"Quasimaximal" topology in a set

This is Exercise I.2.6b of Bourbaki's General Topology.

In a set $X$, a topology $\tau$ is called quasimaximal iff it is maximal in the set of all topologies $\sigma$ in $X$ such that $X$ does not have isolated points (i.e. $X=X^{d_\sigma}$, where $X^{d_\sigma}$ is the derived set in respect to $\sigma$).

If $X$ is Kolmogoroff and every non empty open set is infinite, show that there is a quasimaximal topology finer than the given topology.

May somebody verify whether I did not make any mistakes? I think I used only a much weaker hypothesis (namely, that $X=X^{d_\tau}$) than the one given in the exercise.

Here is my attempt:

Let $\tau$ be the given topology.

For every $x\in X$, than for $U\in\tau$ such that $x\in U$, then $U\neq\emptyset$, then $U$ is infinite, so in particular $U\cap\{x\}^c\neq\emptyset$. Therefore, $X=X^{d_\tau}$.

Let $\Gamma$ be the set of all topologies $\sigma$ in $X$ such that $\tau\subseteq\sigma$ and $X=X^{d_\sigma}$.

Then $\tau\in\Gamma$. Moreover, for every non empty chain $\Delta$ of $\Gamma$, let $\alpha$ be the topology generated by $\bigcup\Delta$, then for $x\in X$, for every $U\in\alpha$ such that $x\in U$, then there is a non empty finite subset $\mathcal{B}$ of $\bigcup\Delta$ such that $x\in\bigcap\mathcal{B}\subseteq U$, so there is a $\sigma\in\Delta$ such that $\mathcal{B}\subseteq\sigma$, so $\bigcap\mathcal{B}\in\sigma$, but $X=X^{d_\sigma}$, so $\bigcap\mathcal{B}\cap\{x\}^c\neq\emptyset$, so $U\cap\{x\}^c\neq\emptyset$; therefore $X=X^{d_\alpha}$, and $\tau\subseteq\alpha$, so $\alpha\in\Gamma$ and $\forall\sigma\in\Delta:\sigma\subseteq\alpha$; therefore, by Zorn's lemma, $\Gamma$ has a maximal element $\alpha$, so $\tau\subseteq\alpha$, and for every topology $\sigma$ such that $X=X^{d_\sigma}$ and $\alpha\subseteq\delta$, then $\tau\subseteq\delta$, so $\sigma\in\Gamma$, so $\alpha=\sigma$; therefore $\alpha$ is quasimaximal and $\tau\subseteq\alpha$.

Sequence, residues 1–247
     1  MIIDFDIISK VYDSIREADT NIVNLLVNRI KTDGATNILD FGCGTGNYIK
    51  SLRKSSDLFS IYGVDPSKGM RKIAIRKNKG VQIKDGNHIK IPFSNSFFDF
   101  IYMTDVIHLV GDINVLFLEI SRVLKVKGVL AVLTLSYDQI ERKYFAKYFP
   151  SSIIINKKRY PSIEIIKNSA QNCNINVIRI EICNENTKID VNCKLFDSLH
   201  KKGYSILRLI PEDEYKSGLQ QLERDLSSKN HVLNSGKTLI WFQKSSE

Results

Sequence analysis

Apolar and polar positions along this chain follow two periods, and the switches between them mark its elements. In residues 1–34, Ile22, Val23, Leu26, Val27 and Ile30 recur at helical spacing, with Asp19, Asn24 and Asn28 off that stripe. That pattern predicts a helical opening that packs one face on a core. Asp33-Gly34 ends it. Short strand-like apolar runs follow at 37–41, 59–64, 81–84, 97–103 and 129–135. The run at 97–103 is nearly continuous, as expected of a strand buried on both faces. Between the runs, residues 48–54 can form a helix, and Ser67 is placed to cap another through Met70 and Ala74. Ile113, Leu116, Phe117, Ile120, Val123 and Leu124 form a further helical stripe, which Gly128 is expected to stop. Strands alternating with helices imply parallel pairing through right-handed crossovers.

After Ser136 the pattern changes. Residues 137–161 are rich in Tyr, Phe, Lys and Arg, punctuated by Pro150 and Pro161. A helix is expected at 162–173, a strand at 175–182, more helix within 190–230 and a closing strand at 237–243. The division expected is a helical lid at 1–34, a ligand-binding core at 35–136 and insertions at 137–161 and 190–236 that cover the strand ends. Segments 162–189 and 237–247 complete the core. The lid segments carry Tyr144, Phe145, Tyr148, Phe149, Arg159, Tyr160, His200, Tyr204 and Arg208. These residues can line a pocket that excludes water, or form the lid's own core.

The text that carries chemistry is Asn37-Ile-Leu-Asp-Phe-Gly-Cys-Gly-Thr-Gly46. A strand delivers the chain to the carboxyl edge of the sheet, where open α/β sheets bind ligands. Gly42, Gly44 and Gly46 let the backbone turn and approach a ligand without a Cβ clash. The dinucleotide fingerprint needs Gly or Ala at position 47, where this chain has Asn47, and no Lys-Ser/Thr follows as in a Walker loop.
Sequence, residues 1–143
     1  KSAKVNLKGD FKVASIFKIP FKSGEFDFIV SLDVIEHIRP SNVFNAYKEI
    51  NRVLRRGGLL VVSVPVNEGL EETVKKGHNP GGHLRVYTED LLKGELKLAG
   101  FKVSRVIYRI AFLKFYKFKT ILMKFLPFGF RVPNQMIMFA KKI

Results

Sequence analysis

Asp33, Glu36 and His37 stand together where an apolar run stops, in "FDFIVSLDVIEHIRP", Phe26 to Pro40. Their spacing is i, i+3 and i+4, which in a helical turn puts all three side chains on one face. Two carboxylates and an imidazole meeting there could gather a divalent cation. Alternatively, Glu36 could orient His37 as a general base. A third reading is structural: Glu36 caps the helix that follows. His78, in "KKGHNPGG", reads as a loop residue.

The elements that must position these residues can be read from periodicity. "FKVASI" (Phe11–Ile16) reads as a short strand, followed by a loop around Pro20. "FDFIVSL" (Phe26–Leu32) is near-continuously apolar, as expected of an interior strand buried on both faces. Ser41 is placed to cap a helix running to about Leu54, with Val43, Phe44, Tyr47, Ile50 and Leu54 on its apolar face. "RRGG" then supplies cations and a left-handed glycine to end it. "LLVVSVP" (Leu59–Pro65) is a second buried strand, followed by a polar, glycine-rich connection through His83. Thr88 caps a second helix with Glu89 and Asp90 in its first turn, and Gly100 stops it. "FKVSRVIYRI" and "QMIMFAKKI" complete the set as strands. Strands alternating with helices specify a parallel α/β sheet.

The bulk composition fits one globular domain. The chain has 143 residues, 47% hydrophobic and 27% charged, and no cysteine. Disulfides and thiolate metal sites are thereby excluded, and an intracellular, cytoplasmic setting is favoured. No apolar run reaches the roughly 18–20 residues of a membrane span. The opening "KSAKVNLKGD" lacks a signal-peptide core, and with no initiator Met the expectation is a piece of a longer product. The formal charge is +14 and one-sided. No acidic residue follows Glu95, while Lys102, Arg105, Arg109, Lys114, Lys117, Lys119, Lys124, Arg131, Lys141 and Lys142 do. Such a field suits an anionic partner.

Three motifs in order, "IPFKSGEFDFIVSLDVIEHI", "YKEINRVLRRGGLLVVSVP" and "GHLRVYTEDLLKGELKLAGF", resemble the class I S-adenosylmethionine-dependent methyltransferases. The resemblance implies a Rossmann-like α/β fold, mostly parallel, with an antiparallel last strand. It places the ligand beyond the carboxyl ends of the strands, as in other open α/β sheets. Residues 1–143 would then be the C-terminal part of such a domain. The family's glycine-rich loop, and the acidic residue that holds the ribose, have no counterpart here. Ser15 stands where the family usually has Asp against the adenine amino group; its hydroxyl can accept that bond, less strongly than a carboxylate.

By an earlier exercise (par 1, 2b?), the condition that $X$ is Kolmogorov (a.k.a $T_0$) and every non-empty open set is infinite is equivalent to $X$ Kolmogorov and $X' = X$ (or $X^{d_\sigma} = X$) (which is alo called $X$ is dense in itself or $X$ is "crowded").

So the only extra thing is demanding $T_0$, and a refinement of a $T_0$ space is still $T_0$ (the quasi- in quasi-maximal is probably the absence of any separation axiom like in quasi-compact).

This essential common "sublemma" is implicit in your proof:

If $\mathcal{C}$ is a chain of topologies then any basic element in the topology $\mathcal{T}_{\mathcal{C}}$ generated by $\bigcup \mathcal{C}$ (so using that set as a subbase) is already in one of the topologies from $\mathcal{C}$.

So if some $\{p\}$ were in $\mathcal{T}_{\mathcal{C}}$, it must be in any of its bases, and so it must have been an open set in one of the members, which cannot be by construction. Obviously $\mathcal{T}_{\mathcal{C}}$ is an upperbound for $\mathcal{C}$, so the set of crowded topologies refining the initial $\tau$ is "inductive" (in Bourbaki terminology; it satisfies the Zorn lemma requirements) and so has a maximal element, and we're done. The same argument applies if we asume the stronger fact that all non-empty open sets are infinite, and it's indeed not an essential difference.

• Ah, I have already solved this. I think it is exercise I.1.2d. Dec 25 '17 at 3:42

I think you are right. Starting with any crowded space you can refine the topology to get a quasimaximal one. Sometimes this property is called just maximal (or maybe maximal is reserved for $T_1$ such spaces).

Note that for $T_0$ spaces the property of being crowded is equivalent to nonempty open subsets being infinite, so the assumption is stronger only in additionally supposing $T_0$. This way you obtain a $T_0$ quasimaximal topology, and such topology is necessarily $T_1$, so it is maximal.

This is a long comment on the conditions of the exercise.

Let $\tau$ be a $T_0$ topology on $X\ne \emptyset$ with no isolated points. Suppose, by contradiction, that $X$ has a non-empty finite open subset . Let $Y$ be such a set with the least possible number, $n,$, of members. Then $n>1$ as there are no isolated points. Now $\overline {\{p\}}\supset Y$ for each $p\in Y.$ Otherwise, for some $p\in Y$ the set $Y\setminus \overline {\{p\}}$ is a non-empty open set with less than $n$ members, contrary to the minimality of $n.$ But now take $p_1,p_2\in Y$ with $p_1\ne p_2.$ We have $p_1\in \overline {\{p_2\}}$ and $p_2\in \overline {\{p_1\}},$ contradicting the $T_0$ property.

• You've reproved exercise I.1.2(d). Dec 25 '17 at 6:40